You are just over half way through the year. You have driven to the desert and back five times. Mostly to touch, feel, and fill your soul but also to suffer through some honest reflection on what you have learned so far this year. First, you have learned that nothing is guaranteed. Even the people you trust most with your heart are temporary. You have also learned that like flowers, feelings are temporary. Your heart may be broken now, but it will not always hurt in this way. Your heart may love now, but love changes, and your heart will not always love in this way. Your heart will love deeper and hurt more, and there is nothing in this world more beautiful than proving to yourself just how strong you are.


You have always been fascinated by people. You feel a deep connection to people. Be gentle and be kind to others. Choose to live vulnerably, especially in a world where it is so easy for people to be cold, cynical, and aloof. Don’t let knowing this scare you from loving deeper. In fact, let this be the very reason you choose to love with your whole heart. The world needs more love. More love in this world is possible.


Let go of trying to know and lean into the unknown. There is wasted energy in worrying about what might happen or what might not happen. Let this vulnerability towards ambiguous outcomes give you the necessary confidence that you know exactly who you are and where you are going. Let loving boldly and living vulnerably challenge you into understanding yourself and connecting with others at a deeper level. You will be okay!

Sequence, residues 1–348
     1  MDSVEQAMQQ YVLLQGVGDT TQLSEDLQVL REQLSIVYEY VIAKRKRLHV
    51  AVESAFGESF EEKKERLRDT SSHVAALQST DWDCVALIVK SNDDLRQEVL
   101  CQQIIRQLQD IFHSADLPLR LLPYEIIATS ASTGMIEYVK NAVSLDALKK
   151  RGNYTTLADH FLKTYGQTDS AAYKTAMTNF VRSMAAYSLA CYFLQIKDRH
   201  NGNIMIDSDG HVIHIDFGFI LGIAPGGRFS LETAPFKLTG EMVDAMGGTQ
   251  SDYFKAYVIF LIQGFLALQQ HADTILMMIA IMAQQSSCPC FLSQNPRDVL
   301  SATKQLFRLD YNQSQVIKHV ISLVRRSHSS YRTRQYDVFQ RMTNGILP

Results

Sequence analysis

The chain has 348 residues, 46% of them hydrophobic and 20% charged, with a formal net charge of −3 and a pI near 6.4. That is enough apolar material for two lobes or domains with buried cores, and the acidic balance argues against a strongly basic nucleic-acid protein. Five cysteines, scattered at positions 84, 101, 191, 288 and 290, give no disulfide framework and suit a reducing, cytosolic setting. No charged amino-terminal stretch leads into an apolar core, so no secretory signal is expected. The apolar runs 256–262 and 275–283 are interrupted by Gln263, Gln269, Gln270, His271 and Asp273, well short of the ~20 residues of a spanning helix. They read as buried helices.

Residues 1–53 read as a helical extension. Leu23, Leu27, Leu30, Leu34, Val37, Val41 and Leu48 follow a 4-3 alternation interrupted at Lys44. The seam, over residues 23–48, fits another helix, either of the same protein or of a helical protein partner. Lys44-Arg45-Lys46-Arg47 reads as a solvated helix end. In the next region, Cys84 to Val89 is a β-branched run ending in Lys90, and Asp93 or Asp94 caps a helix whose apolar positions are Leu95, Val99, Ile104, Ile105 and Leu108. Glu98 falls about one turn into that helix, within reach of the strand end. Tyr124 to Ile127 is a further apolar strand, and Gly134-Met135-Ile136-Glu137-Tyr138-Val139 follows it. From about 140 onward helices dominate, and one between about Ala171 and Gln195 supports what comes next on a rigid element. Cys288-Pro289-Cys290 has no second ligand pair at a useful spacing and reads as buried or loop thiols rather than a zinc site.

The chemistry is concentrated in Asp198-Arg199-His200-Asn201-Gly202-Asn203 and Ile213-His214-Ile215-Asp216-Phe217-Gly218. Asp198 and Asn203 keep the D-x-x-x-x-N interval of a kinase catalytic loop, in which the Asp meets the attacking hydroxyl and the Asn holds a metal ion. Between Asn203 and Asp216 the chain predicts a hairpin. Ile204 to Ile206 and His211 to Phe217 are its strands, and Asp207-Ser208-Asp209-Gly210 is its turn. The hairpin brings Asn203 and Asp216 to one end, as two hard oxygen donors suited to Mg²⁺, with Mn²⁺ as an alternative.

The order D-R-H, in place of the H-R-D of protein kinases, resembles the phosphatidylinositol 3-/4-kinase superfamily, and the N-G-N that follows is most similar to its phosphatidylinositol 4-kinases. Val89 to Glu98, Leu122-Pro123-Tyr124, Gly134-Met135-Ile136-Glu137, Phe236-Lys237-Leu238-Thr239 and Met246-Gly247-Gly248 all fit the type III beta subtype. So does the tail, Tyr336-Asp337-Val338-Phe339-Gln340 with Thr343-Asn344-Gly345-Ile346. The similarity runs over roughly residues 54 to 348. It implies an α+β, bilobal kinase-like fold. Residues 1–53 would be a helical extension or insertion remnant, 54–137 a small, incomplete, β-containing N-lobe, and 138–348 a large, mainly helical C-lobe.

Love, Shannon

I’m Surfing


“Don’t Worry! The future will reveal itself one day at a time. That is fast enough” – Fredrick Lenz, Surfing the Himalayas.



First my mind dwells on the past. Then it worries about the future. All I desperately want is for my mind to rest on the present moment. If my body lives in the present, then I want my mind to be more like my body.


Sometimes even the most well-intentioned strategies aimed at learning how to live in the present are destined to fail. It’s not necessarily the fault of the person so eager to grow nor is it the fault of the techniques, themselves. Rather, the issue lies in the timing, motivating operations (MOs), and simply, how a person’s mind works. If pain and discomfort are inevitable for growth then maybe learning how to spend quality time with pain and discomfort is the key to healing.


I break my stride a lot (a.k.a sometimes my heart and soul get hurt), and the world doesn’t wait for me to heal. Instead, the world keeps moving forward at this annoying, steady pace. It doesn’t slow down. It doesn’t speed up. As Fredrick Lenz said, it reveals itself one day at a time. So that I don’t get left behind or swooped up in the chaos of my own brain, I choose to throw myself forward and attempt to move at the same pace as the world.


Watching a seasoned surfer crisscross on top of a wave before effortlessly diving into the water is absolutely beautiful. I want to do that, but mostly, I want to be challenged. I want to learn something new. I want to take on a sport in which I have no idea what I’m doing or where I’m going. For me, throwing myself forward means throwing myself into surfing.


The first time I paddled out across the break, waiting for my first wave, my hopes were high. I felt brave, excited. As my board glided down the wave — my body awkwardly wiggling on top — I saw the front of my board slowly dip into the water. I felt the rest of the wave crash over my motionless body. My hands touched the sand. Then my feet touched the sand. I remember telling my body to be patient, “Soon the strength of this wave will pass and when it does you will swim to the surface and breath.”